• Obtain security clearance for the organization through the GCCA website.
  • An application letter (in company letterhead) signed by an authorized representative is to be submitted to with the following details:
  • List of the unmanned aircraft type with serial number, color and mass in KG
  • Management Commitment Statement
  • Description of the proposed operation
  • Subscription to GCAA E-publication through GCAA website.
  • Compulsory Insurance:  The UAE in 2017, announced compulsory minimum insurance requirements for drones in commercial use and imposed a minimum liability of AED 3.67 million. In October 2017, the UAE announced mandatory minimum insurance requirements for commercially operated drones. These requirements impose minimum liability coverage of AED3.67 million.  It has also been announced that mandatory insurance will be required for privately operated drones in 2018.
  • For an Individual/Private User (Recreational)
  • User and drone should be registered with the GCCA before flying
  • Only drones weighing 5kgs or less shall be allowed to fly in the approved zones for flying, that is the green zone.
  • The drone shall not use any video or image capturing devices; be equipped with the drop or release devices.
  • Shall fly only during day-time in good weather and its flying range should always be within the line-of-sight. It shall not fly more than 400 feet above ground level.
  • The drone cannot be used for commercial activities
  • The responsibility is on the user to ensure that the drone is used in accordance with the manufacturer’s instructions and is inspected before use.
  • No user shall fly the drone:
  • The minimum age of 21 years is required for a user to fly a drone weighing more than 25 kgs.
  • The drones weighing above 5kgs or those equipped with a gas engine shall only operate within GCAA approved flying clubs.
  • The user shall immediately report any accidents/incidents to the GCAA and responsible to inform the GCAA about his intentions to sell the drone.
  • The user shall avoid collisions with people, objects, other manned and unmanned aircraft as well as not harass or endanger people or threaten to damage property.
  • There shall be a direct radio control link between the user and the drones and shall maintain the Frequency Band Restrictions, considering the effects on radio communication, interference of the frequency used;
  • Within 5km of the UAE airports’ outer fence, heliports, helicopter landing sites, and airfields, or in controlled zones.
  • Near the public or private property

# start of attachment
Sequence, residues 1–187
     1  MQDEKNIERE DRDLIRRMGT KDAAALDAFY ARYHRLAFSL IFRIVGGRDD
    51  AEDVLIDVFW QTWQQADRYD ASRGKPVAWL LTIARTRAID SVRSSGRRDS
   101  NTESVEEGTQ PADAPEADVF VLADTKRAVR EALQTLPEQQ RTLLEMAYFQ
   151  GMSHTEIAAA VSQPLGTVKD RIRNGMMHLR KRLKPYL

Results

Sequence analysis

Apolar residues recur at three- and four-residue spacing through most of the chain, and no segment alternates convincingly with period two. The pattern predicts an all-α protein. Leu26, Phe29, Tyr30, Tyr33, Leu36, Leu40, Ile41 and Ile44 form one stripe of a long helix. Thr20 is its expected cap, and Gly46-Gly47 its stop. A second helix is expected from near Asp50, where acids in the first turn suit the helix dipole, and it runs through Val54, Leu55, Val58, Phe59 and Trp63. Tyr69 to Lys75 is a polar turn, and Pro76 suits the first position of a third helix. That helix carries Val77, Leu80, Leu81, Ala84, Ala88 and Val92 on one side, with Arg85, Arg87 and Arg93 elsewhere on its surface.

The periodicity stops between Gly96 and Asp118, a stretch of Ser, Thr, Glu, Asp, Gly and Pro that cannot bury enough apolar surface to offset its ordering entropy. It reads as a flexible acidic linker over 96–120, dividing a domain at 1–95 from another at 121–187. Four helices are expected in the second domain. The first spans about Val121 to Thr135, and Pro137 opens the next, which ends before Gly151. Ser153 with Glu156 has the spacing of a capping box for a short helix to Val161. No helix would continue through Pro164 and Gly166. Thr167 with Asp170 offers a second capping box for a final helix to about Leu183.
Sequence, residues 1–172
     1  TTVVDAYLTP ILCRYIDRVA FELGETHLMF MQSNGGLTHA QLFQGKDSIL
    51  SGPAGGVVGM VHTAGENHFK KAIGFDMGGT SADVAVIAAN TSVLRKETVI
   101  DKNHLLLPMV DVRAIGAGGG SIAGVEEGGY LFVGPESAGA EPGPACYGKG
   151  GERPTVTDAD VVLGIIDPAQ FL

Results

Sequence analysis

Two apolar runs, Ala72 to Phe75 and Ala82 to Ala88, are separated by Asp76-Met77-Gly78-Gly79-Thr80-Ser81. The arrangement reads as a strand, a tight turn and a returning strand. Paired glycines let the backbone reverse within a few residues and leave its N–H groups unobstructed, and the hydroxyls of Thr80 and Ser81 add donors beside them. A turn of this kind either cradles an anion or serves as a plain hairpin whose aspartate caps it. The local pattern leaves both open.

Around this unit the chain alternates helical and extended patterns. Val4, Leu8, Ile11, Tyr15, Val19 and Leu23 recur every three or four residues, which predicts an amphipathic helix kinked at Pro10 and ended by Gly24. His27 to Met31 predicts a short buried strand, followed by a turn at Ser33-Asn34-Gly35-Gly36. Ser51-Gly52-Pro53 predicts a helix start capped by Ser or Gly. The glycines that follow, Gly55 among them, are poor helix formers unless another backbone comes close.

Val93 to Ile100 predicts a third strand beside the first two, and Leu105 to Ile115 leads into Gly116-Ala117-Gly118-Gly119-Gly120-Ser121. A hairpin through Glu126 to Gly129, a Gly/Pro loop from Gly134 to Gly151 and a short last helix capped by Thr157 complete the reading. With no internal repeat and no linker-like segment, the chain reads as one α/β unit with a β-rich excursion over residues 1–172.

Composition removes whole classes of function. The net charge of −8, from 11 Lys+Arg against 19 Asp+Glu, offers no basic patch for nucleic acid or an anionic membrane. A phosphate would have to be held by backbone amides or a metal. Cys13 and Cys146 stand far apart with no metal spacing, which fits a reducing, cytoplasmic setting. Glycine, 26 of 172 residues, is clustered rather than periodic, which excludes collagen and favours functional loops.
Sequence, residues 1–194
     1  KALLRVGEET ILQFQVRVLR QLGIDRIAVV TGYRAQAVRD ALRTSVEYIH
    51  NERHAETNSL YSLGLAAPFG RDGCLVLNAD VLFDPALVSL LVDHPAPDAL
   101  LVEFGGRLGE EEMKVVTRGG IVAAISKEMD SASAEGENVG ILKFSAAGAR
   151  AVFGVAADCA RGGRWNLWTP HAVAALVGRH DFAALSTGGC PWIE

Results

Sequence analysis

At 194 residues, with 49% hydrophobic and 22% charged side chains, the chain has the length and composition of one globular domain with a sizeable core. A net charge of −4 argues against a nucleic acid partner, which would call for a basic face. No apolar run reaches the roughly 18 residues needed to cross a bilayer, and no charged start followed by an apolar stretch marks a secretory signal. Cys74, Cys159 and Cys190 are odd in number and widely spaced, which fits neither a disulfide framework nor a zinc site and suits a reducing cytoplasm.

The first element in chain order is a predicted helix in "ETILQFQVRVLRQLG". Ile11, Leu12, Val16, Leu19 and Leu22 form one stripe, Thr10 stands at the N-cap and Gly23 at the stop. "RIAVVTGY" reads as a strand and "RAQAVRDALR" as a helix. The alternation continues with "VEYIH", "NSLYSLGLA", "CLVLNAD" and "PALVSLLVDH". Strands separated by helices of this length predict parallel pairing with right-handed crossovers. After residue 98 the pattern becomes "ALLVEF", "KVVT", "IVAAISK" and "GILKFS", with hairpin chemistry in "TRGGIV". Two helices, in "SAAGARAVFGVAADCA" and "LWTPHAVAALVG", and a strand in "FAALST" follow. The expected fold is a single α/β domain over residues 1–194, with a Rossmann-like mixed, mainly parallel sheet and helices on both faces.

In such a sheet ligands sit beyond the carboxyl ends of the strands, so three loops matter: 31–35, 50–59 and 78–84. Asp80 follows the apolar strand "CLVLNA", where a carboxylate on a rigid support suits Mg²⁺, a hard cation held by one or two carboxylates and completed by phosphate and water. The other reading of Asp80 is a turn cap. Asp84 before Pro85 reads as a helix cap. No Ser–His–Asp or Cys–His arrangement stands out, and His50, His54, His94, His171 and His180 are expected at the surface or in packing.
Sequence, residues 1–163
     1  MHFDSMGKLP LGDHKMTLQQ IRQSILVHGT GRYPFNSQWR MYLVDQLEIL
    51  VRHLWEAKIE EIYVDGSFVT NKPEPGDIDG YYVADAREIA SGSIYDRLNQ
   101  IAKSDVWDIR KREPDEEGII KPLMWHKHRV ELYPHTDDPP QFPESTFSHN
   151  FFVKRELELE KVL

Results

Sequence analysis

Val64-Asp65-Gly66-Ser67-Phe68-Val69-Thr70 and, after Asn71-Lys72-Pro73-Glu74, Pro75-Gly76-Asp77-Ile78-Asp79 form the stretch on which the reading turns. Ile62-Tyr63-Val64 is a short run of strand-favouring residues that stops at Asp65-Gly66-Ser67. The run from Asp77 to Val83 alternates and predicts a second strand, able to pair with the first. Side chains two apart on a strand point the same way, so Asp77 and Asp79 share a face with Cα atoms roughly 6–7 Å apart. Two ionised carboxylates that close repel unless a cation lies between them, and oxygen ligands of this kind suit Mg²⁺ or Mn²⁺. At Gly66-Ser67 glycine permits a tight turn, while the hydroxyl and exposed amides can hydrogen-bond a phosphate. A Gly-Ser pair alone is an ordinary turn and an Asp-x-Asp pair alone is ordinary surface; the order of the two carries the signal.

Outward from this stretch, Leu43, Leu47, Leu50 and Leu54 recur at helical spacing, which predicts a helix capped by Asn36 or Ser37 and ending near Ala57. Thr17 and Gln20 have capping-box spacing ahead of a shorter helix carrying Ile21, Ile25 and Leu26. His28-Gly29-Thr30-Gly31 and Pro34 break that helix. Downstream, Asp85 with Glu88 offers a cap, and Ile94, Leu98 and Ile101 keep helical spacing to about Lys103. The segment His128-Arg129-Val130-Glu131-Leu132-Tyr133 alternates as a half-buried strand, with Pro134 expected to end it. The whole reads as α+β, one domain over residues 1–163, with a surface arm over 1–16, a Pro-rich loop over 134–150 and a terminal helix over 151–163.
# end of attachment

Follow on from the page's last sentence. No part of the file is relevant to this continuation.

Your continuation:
• Sanctions
  • Article 69 prescribes imprisonment of 1year and/or a fine not exceeding fifty-thousand Dirhams if:

The owner or operators cause the drone to be flown without an authorization or permit from the competent authority or after the expiry or revocation of such certificates; or pilots it when drunk enough to impair his capacity to pilot; caused damage to aeronautical communication facilities or navigation aids or not maintained such facilities in good condition; or does not enter the required information in the documents or records of the aircraft or altered the information.

  • Article 70

A term of imprisonment not exceeding three years and/or fine not exceeding one-hundred thousand Dirhams to any person who uses a drone without registration marks or displays a wrong one; flew the drone in a prohibited area; not complied with the order to land the drone along with similar other offenses.

  • Rules Regarding Drone Photography

Article 378 of the UAE Penal Code clarifies that taking pictures of someone without their consent or in legally permitted circumstances shall be an invasion into the privacy or family life of an individual which will lead to the confiscation and destruction of the recordings and the photographer or videographer may be fined or imprisoned. Anyone who publishes such a picture or video shall be liable to the same punishment.

Article 43 of the UAE Copyright Law grants certain exceptions to Article 378- if the photographer or videographer captures a picture of another they shall not have the right to keep, show, sell, exhibit, publish, communicate, distribute the pictures without the prior consent of the person concerned. The punishment for the offense under this article is detention for a period not exceeding 6 months and a payment of a fine.